Sunday, June 13, 2021

Sunday, June 13, 2021, Stephen McCarthy


At the virtual A.C.P.T. this year, we met a Canadian who has become a virtual (so far) friend (Hi Philbo!). I thought about him while solving today, and knowing that he'll probably be reading this review will keep me from trotting out all my Canadian slurs and jokes. You know, names like Canadia, America's Hat, and Cold Mexico. You won't be hearing any of that today!

Today's Canada-themed puzzle displays lovely mirror symmetry and a nice pattern, and if you squint, the central black squares look something like a leaf. They also, to me, look a little like a one-legged chicken staring straight ahead and flapping its wings, but for the purposes of this review, and in the continuing effort to keep all disparaging comments to a minimum, let's all agree that it's a maple leaf.

In the word part (I'm guessing this is the first time "the word part" has been used in a NYTX review) we find the lovehly theme of Canadian things that contain the consecutive letters "eh," which is one possible spelling of the National Interjection.

And speaking of, I'm sure you all know the story of how Canada got its name - the founders put scraps of paper with the letters of the alphabet on them into a toque, and then someone chose from it and called the letters out - "'C,' eh, 'N,' eh, 'D,' eh." 

But in all seriousness, I very much enjoyed this puzzle. I thought the spirit of the cluing was smart, lively, and fun. "Pigeon English?" was a fantastic clue for COO, for example, and how about "Leader of the house?" for USHER?! "Mettle that may merit a medal" (HEROISM) was cute, "Words at an unveiling?" (IDO) was great, "Level or bevel" for TOOL shows a playful spirit, and I also really liked EARSHOT (Range within which you can answer the question "Can you hear me now?"). Those three central Downs - ELECTRICAL, TATOOINE, and ECHOLOCATE (Be batty, in a way?) were all strong, and there were several other fun entries that I will leave for you to discover.

Bonus Canada material was worked into "Newfoundland, e.g.: Abbr." ISL, "Qu├ębec's LAC St.-Jean," "Canuck, e.g., for short" (NHLER), and possibly ACTS of Parliament.

I'm not entirely sure what Mr. McCarthy is referring to with the answer TABLEHOCKEY (Two-player game invented in Toronto), but when I was young I played a lot of games on my brother's Bobby Hull table-top hockey game. Good times.

In addition to the Canadianisms, the puzzle also has some Mexican entries, like MUCHACHO and QUINCEANERA. Which reminds me of a joke - Q: What do Canada and Mexico have in common? A: They both border on stupidity.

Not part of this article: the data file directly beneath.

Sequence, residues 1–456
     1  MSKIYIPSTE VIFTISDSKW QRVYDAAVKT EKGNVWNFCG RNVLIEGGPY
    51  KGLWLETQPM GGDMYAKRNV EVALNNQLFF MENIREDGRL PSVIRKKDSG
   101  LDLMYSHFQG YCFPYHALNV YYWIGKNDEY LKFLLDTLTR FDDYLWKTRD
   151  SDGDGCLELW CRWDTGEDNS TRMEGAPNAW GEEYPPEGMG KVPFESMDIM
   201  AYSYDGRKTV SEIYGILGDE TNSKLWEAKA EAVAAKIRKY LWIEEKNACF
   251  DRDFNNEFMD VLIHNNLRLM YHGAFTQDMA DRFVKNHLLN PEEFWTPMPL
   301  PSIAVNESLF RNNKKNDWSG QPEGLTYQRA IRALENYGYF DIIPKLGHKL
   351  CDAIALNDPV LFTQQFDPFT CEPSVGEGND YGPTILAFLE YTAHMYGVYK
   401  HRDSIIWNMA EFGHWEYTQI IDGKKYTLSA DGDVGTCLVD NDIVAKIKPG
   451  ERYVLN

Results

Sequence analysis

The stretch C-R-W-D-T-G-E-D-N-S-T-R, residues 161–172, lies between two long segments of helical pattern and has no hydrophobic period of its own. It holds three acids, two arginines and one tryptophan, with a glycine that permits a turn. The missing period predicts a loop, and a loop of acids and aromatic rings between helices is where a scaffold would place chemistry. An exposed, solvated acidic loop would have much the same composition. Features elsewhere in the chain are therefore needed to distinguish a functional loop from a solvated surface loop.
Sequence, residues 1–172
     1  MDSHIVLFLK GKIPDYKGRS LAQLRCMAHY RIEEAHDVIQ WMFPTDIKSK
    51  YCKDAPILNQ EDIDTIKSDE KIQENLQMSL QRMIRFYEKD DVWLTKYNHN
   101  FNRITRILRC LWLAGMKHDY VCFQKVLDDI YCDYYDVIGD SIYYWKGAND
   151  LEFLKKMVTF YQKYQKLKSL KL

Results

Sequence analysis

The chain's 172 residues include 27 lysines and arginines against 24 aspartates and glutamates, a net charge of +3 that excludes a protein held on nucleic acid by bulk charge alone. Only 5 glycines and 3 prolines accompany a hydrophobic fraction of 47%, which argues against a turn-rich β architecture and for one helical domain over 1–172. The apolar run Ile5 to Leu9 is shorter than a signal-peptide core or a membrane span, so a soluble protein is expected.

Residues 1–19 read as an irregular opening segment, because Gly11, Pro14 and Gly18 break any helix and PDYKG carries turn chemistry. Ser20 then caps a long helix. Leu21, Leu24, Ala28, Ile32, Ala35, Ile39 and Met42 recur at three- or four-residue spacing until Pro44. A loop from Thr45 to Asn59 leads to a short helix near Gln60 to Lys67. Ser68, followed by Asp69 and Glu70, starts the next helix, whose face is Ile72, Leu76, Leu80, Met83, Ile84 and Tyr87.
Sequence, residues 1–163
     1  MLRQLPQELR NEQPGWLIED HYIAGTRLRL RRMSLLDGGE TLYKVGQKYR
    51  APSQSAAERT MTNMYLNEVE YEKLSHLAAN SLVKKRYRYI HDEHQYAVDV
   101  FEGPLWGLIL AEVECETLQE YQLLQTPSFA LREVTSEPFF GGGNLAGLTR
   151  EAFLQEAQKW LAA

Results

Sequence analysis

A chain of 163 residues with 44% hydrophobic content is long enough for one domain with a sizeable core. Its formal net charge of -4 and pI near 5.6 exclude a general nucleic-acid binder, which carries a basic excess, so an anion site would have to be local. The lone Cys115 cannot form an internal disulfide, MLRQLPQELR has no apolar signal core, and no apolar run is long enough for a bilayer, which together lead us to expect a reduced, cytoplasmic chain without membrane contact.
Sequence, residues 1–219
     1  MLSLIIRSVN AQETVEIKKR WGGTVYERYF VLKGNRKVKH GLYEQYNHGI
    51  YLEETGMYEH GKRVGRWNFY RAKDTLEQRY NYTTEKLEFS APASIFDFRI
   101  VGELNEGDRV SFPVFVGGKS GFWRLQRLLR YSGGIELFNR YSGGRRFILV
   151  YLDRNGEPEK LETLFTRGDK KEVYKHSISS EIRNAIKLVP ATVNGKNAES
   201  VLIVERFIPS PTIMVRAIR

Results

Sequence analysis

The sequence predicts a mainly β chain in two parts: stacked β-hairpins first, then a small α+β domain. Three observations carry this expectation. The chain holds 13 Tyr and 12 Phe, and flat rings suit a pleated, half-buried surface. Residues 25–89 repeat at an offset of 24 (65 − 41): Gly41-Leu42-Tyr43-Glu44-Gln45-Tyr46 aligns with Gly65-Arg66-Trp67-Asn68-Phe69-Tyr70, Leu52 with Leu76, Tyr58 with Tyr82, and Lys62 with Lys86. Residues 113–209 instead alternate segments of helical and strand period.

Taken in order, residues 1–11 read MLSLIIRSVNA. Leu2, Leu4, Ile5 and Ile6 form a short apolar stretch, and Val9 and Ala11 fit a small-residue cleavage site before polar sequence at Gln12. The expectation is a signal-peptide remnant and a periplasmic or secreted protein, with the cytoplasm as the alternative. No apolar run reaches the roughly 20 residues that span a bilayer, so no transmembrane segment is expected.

In all seriousness, this was one of the most enjoyable Sunday puzzles I've done in quite some time. It's a debut for Mr. McCarthy (congratulations!), and I really hope to see his byline again soon. It was a great way to end my week.

- Horace

p.s. I was going to post a photo of spider eyes, but they were all too disturbing for me to look at long enough to copy and paste, and really, nobody wants to see that.


  1. Delightful puzzle! And a debut? Wonderful! It took me back to my childhood and teen years in the Motor City, where we would often cross the Bridge or take the Tunnel to Windsor. Thanks, Mr. McCarthy, and thank you, Horace (not least for which *not* posting the spiders' eyes image!) :-)

  2. I was wondering if I was going to get a shout-out! Thanks for thinking of me!! A nice surprise and very enjoyable solve from here inside my igloo, although I was distressed at the end by the omission of POUTINE. 15:58 in Canadian time...

    And re. Canuck slurs, bring 'em on, haha

  3. Solved on paper, so time not known, but fast for sure. I figured the theme out in short order, so that helped with many squares. TAUTOLOGY was nice. I never heard of the Art Ross Trophy, and just have barely heard of GORDIEHOWE, but that section was aided by crosses. No matter how many times it appears, I always enjoy seeing LEIA in the grid. I assume that Fisher knew, eventually, what a huge role that was. Great that QUINCEANERA was able to be put into a grid. Have we ever seen that? And finally I've heard a referenced slang term: NATCH. Definitely a fun Sunday.

    1. You've "just barely" heard of GORDIE HOWE????? Oh my goodness...he...oh my goodness! I remember him as a child. My Dad-the-Salesman used to take me occasionally to the Lindell AC in Detroit, where all the sports guys hung out...and Mr. Howe and other great Canada/Detroit pros would Actually buy me a Vernor's Ginger Ale! :-) Good for you, Huygens, for solving on, isn't it?

    2. Sorry about the GORDIEHOWE thing. I know Bobby Orr; is that good? And there's a Wayne-somebody, too. I occasionally enjoy solving on paper. I had to print puzzles out during ET59's recent visit for him, so I figured I'd solve the same way.